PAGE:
"He invited a hundred of his close friends to this loft where he lived, and asked five friends to come and tell personal stories. The idea was that everybody had to sit quietly and just listen while that person had the floor."

"And that's how The Moth began."

The Moth Mainstage

A storyteller in performance on The Moth Mainstage. (The Moth / Denise Ofelia Mangen)

          

The power of stories

For Burns, The Moth inspired a new recognition of the power of everyday stories.

"Obviously, storytelling is maybe the oldest art form — people standing around the campfire, relating the events of the day," she says.

"But what I think they did that was different, was this concept of taking a dinner party story, or a story you might tell at a bar, and elevating that. And putting that on stage in front of a live audience, and recognizing it as an art form."

"It was the first time that I know of that people were standing on stage telling personal stories in that way."

"What I think they did that was different was this concept of taking a dinner story party, or a story you might tell at a bar... and recognizing it as an art form." - Catherine Burns, Artistic Director of The Moth

Burns has heard hundreds of stories over the years. But certain ones have stayed with her, including one by Canadian comic, writer and performer Ophira Eisenberg.

In the story, Eisenberg describes a car crash she experienced as a child, when a teenager ran a red light and crashed into her mother's vehicle.

She and her mother both survived the accident but Eisenberg's best friend Alanna, who had been strapped into the seat beside her in the car, was killed in the crash.

Years later, at age 16, Eisenberg stumbled on a letter in her mother's desk drawer. The letter, addressed to her mother by Alanna's father, expressed his forgiveness for the death of his daughter.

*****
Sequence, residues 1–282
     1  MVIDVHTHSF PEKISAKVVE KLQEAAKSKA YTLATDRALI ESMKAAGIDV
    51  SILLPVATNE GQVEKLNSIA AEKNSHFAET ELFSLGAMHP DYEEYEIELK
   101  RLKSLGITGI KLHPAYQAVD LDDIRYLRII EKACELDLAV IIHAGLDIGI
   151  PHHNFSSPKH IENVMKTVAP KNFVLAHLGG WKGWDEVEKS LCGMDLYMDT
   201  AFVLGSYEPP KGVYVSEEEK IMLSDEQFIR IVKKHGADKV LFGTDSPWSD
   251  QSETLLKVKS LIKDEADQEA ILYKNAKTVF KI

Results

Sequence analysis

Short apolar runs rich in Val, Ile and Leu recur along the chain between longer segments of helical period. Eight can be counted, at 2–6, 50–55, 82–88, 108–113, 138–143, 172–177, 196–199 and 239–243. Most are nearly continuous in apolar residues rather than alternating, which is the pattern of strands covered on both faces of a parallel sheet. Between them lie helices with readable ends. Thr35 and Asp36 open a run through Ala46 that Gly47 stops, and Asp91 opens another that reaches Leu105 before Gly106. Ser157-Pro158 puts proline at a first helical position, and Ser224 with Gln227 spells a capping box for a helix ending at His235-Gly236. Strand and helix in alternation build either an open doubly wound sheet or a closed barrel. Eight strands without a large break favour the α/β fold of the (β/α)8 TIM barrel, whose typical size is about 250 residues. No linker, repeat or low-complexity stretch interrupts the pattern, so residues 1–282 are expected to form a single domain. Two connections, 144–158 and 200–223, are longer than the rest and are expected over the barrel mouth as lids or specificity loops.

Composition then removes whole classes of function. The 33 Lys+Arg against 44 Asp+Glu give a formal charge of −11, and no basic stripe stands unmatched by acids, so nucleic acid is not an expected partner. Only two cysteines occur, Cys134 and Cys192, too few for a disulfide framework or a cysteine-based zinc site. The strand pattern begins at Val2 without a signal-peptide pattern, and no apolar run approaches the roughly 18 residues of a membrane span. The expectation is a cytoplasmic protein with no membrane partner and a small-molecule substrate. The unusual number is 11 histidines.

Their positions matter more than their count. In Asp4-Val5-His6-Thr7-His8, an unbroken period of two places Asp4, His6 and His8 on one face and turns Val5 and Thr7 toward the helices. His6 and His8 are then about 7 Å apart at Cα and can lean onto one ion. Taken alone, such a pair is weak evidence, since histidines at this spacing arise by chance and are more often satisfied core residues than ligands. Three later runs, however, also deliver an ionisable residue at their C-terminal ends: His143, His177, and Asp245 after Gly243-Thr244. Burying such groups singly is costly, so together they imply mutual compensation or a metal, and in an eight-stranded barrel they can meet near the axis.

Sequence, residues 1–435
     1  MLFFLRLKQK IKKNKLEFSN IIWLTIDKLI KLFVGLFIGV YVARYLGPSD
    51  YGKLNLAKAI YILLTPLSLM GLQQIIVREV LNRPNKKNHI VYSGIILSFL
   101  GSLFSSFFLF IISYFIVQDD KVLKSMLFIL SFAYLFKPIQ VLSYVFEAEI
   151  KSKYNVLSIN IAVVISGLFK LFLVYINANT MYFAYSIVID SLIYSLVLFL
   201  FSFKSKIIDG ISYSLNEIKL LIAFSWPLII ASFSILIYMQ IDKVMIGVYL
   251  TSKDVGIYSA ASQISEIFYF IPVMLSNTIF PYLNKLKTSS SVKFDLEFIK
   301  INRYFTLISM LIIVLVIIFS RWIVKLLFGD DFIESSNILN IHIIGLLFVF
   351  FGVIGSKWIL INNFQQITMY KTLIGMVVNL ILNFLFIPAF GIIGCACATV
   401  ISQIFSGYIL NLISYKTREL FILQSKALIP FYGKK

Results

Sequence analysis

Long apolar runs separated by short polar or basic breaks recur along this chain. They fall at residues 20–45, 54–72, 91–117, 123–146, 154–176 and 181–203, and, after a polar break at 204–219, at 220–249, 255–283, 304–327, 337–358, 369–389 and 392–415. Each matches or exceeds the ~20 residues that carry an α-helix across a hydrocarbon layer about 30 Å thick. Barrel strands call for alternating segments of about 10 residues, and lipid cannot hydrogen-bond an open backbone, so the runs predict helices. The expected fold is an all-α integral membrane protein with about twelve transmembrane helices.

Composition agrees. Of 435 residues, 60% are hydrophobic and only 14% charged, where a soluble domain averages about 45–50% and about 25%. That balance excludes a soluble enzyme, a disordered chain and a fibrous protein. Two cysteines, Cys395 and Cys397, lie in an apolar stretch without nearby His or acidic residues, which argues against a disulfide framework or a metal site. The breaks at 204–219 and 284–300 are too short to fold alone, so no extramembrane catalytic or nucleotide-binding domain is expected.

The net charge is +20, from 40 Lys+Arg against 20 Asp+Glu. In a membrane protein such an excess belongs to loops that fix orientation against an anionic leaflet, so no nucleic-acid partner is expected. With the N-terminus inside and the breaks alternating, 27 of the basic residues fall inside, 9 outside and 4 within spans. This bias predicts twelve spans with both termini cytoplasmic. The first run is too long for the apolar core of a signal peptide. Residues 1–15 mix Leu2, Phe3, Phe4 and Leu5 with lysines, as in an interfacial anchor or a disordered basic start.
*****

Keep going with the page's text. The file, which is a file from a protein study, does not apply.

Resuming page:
"Ophira, for the first time, sees the accident through the eyes of her parents," says Burns.

"It's all about that moment where we grow up and suddenly see our parents as human beings, and not just 'Mom' and 'Dad.'"

        

          

Coming together in the Internet age

Burns says stories like Eisenberg's are powerful because they resonate, even for people who have never had a similar experience.

"It's so specific to her, but when I hear it, I can pull out things from my own life that connect me to it. And in this way, the tellers and the audience leave feeling more connected than they did when they arrived."

"That every story comes from an eyewitness — I think that's something that, as human beings, we never stop needing." - Catherine Burns, Artistic Director of The Moth

She says it's no coincidence that the modern storytelling movement began in the 1990s, alongside the rise of the Internet.

"We live in a world where I think people talk to each other less and less. I think we're all aware that we communicate through these devices and Facebook and email."

"And I don't think there's a coincidence that… the more we are siloed with our little blinky machines, the more we actually have a desire to go out there and connect in an authentic way with people one-on-one, and [to] hear a story told by the person that it actually happened to."

"That every story comes from an eyewitness — I think that's something that, as human beings, we never stop needing."

To hear our interview with Catherine Burns, download our podcast or click the 'Listen' button at the top of this page.

Annie Bender

This story was produced by Annie Bender, an associate producer at Day 6.